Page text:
Brand colour palette: Beginners Guide

What colour should you associate your business with and why?

What is a colour palette?

A colour palette refers to a selection of colours that are used consistently throughout a brand's visual identity, including its logo, website, packaging, and advertising materials. A well-designed colour palette can help a brand to stand out in a crowded marketplace, evoke specific emotions or associations, and create a cohesive and recognisable brand identity.

In general a colour palette usually includes 6 colours

  1. One signature colour: This is the dominant colour that defines your brand and makes it recognisable. 
  2. Three accent colours: This is a colour that is used e.g. for buttons on your website. It’s supposed to be used in small bursts, rather than on large surfaces. 
  3. Two standard colours: These more muted colours are for texts and backgrounds, and usually include a white(ish), black(ish), and/or grey(ish) colour. 

You might not think a specific colour palette is that important, however, every colour conveys certain values. E.g. you might be aware that pink is sentimental and romantic, whereas yellow conveys optimism and stands out at night (hence why McDonald’s chose that colour). 

Give me the data, why should I care?

Studies have shown that people make subconscious judgments about a brand within 90 seconds of their initial interaction with it, and 62-90% of those judgments are based on colour alone. (Source: Colorcom)

Consistent use of colour across all marketing materials can increase brand recognition by up to 80%. (Source: University of Loyola, Maryland study)

Different colours are associated with different emotions and can influence consumer behaviour. For example, blue is often associated with trust and reliability, while red is associated with excitement and passion. (Source: Entrepreneur & Canva.com)

Free tools to find your colour palette:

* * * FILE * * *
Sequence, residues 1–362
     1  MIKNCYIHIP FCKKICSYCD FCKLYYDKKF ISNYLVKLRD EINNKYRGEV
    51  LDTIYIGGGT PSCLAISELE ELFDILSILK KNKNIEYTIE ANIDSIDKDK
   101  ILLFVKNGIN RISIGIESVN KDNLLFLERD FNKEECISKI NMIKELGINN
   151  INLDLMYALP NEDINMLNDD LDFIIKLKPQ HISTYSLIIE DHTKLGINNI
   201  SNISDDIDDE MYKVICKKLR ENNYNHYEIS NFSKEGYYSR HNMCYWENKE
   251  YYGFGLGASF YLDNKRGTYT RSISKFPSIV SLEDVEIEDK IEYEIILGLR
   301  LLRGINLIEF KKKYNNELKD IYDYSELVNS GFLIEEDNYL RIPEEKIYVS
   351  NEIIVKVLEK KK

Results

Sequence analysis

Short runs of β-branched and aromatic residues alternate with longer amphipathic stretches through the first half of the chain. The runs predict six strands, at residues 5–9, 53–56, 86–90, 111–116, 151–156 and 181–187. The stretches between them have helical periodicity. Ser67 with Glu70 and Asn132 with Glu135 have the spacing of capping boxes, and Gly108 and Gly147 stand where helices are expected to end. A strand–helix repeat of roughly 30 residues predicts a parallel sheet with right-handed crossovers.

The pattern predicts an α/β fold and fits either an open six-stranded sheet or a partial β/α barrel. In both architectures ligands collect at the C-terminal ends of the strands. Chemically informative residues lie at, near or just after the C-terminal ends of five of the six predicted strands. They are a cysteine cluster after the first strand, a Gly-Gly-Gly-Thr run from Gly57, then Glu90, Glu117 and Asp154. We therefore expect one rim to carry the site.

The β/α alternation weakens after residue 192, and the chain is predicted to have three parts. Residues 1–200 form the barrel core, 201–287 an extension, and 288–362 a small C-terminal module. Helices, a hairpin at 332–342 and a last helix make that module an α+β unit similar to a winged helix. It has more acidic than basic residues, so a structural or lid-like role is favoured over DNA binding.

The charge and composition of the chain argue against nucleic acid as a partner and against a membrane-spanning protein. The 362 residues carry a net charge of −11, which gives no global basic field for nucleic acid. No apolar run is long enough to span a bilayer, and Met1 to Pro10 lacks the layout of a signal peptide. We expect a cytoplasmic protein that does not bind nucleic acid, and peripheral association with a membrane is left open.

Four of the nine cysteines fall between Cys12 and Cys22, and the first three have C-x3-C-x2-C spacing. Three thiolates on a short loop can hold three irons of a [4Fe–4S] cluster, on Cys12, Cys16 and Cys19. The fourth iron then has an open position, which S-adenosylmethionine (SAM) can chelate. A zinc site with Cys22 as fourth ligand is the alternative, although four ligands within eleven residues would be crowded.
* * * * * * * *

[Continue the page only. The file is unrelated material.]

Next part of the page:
Choosing the right colour palette for your brand can be a challenging task, but there are several free tools available that can help simplify the process:

  1. Coolors.co: This website allows you to generate colour palettes based on a starting colour or random selection. You can save and export your favourite palettes and browse the palettes created by other users.
  1. Canva Color Palette Generator: Canva's colour palette generator allows you to upload an image and automatically generate a colour palette based on the colours in the image. You can then customise and refine the palette as needed.
  1. Adobe Color: Adobe's colour tool lets you generate colour palettes based on a variety of colour rules, such as complementary, analogous, and monochromatic. You can save and share your palettes and even browse palettes created by other users.
  1. Color Hunt: Color Hunt is a curated collection of colour palettes created by designers and artists from around the world. You can browse by colour or by popularity and save your favourite palettes for future reference.

Examples of brands that have strong colour palettes

  1. The iconic red and white colour scheme of Coca-Cola's logo and packaging is instantly recognizable around the world. The colour red is associated with excitement, energy, and passion, making it a perfect fit for a brand that wants to evoke feelings of happiness and enjoyment.
Coca Cola and their colour palette
  1. Apple's clean and minimalist aesthetic is reflected in its colour palette, which features shades of white, grey, and black. This simple colour scheme creates a sense of sophistication and elegance, which is in line with the brand's focus on high-end technology products.
Apple and its colour palette

  1. FedEx's use of purple and orange in its logo and branding is a great example of how colour can be used to create a sense of energy and excitement. The combination of purple and orange is unexpected and eye-catching, which helps the brand to stand out in a crowded marketplace.
FedEx and its colour palette

  1. McDonald's uses a bright and bold colour palette of red and yellow, which is designed to be eye-catching and stimulate the appetite. Red is associated with excitement and energy, while yellow is associated with optimism and happiness (& it’s easy to spot at night!), making this a perfect colour scheme for a fast-food brand.
McDonald's and its colour palette

  1. Google's playful and colourful logo is instantly recognizable around the world. The use of primary colours in the logo creates a sense of fun and playfulness, which is in line with the brand's focus on innovation and creativity.
Google and its colour palette

In conclusion, a well-designed colour palette is a critical component of a strong brand identity. The right colours can evoke specific emotions and associations, create brand recognition, and help a brand stand out in a crowded marketplace. While choosing the perfect colour palette can be a challenging task, there are several free tools available that can simplify the process. Overall, the impact of colour on a brand's identity and recognition should not be underestimated.

Once you're happy with your new brand identity, we'd recommend that you move on to the next part of your online presence foundation: Your website. Check our article about website essentials to get started!

If the above seems a bit too overwhelming, why not jump on a quick call with us? Schedule it here.

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